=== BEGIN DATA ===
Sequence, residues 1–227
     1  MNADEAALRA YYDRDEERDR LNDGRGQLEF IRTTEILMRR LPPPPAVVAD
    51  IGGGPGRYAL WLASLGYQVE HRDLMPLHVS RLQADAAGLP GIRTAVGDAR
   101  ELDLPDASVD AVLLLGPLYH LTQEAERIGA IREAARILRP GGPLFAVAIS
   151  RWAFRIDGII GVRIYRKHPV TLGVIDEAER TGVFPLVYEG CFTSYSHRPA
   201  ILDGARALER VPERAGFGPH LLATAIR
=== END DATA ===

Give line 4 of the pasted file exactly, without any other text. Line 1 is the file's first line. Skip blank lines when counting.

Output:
   101  ELDLPDASVD AVLLLGPLYH LTQEAERIGA IREAARILRP GGPLFAVAIS